I have encountered this issue of authenticity recently in a handful of situations and it has captured my attention.  Here’s why – Gen Y is all about authenticity.  As a Gen Xer, I would argue that it is high on our list also.  Yet, some Baby Boomers have a different approach to authenticity and it stems from one key approach – they believe they have to have the answer to every question.

Now I’m not talking about aerospace-grade questions, but questions regarding their field of expertise.  Recently I witnessed 3 different situations where different Baby Boomer-aged experts encountered a difficult question.  The question was clearly beyond what they knew yet all of them attempted to answer it as an expert.  Unfortunately for them, the people asking the questions did not seem to believe the Baby Boomer answers.  I didn’t believe them either.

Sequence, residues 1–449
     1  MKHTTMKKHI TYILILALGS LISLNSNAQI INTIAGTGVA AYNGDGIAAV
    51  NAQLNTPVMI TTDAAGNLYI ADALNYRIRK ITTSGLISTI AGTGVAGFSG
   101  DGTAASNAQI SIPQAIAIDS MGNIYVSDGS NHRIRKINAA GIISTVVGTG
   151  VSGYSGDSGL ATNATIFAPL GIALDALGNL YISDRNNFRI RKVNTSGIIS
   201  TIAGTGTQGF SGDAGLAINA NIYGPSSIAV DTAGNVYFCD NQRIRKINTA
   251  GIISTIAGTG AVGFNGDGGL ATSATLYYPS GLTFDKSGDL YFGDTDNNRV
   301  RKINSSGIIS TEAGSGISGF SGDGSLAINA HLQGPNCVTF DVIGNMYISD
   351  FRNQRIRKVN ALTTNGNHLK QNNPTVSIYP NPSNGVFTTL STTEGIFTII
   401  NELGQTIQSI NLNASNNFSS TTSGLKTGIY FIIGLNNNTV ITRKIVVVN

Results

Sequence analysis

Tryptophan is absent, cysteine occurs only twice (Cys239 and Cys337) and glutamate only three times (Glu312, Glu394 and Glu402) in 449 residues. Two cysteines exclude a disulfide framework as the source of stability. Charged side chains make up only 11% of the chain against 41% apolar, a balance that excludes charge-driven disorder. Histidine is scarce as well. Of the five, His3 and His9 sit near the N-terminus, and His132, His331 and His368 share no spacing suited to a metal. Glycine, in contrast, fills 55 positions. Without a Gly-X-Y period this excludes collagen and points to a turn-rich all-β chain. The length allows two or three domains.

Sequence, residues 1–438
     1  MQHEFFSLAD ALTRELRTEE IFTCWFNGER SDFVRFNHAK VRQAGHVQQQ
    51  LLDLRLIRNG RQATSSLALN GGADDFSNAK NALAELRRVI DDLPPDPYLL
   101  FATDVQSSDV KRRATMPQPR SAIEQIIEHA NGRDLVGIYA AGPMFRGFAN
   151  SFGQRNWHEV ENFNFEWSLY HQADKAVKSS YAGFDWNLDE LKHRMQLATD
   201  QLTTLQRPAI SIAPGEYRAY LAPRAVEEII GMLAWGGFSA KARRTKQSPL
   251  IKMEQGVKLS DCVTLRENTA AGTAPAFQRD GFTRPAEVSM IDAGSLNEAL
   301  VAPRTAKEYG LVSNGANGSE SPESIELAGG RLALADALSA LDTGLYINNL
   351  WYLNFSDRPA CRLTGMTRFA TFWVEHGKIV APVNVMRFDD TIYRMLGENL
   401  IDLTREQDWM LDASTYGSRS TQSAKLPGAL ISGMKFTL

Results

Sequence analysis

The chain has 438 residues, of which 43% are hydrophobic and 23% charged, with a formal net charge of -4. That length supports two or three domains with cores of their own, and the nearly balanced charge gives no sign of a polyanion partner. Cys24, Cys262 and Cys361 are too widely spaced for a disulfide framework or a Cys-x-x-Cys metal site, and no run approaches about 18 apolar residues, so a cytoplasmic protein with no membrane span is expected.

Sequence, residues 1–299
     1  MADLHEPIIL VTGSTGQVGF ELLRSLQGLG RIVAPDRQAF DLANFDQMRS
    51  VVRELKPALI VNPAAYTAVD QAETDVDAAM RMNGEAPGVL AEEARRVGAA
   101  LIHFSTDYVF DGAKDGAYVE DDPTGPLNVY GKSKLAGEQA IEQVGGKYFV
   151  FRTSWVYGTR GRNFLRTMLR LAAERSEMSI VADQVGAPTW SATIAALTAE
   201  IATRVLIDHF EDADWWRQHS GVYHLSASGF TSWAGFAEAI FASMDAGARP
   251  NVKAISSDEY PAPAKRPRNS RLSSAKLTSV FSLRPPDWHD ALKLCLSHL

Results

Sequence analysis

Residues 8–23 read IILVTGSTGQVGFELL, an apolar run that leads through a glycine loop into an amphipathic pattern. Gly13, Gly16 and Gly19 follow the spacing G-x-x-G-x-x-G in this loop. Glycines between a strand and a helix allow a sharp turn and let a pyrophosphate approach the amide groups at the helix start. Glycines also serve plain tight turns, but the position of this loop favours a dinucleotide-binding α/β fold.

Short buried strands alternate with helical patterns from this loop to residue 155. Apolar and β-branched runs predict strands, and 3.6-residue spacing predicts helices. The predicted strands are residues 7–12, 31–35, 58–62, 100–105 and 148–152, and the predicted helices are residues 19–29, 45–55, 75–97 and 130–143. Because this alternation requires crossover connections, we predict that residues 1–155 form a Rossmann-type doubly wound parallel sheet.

The after effect of the interactions was simple – I no longer trusted their expertise.  The irony of it is in the fact that some of the questions were not even in their area of expertise.  The Baby Boomers did not have to provide an answer as they could have easily deferred the question.  Instead in each situation they attempted to spout some rather odd sounding answer that came across as just that…odd.

One of the most powerful communication tools is to simply state, “I don’t know.”  If that is too direct you can use, “I’m not sure.”  In a strange way, I find it edifying of the person’s expertise – they answer questions that they know and they legitimately answer with an I don’t know if it is outside of their knowledge base.

It is disarming, real and authentic.

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